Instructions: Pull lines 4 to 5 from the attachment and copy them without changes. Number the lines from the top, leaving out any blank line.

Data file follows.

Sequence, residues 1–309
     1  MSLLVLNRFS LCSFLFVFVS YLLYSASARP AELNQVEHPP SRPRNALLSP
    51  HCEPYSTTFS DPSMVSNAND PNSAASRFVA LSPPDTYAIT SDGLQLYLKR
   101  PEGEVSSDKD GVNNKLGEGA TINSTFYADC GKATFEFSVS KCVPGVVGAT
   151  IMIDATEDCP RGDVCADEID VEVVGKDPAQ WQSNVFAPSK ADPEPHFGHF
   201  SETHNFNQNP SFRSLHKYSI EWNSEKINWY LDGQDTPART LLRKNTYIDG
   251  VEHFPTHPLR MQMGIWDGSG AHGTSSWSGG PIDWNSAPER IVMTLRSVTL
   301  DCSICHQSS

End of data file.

   101  PEGEVSSDKD GVNNKLGEGA TINSTFYADC GKATFEFSVS KCVPGVVGAT
   151  IMIDATEDCP RGDVCADEID VEVVGKDPAQ WQSNVFAPSK ADPEPHFGHF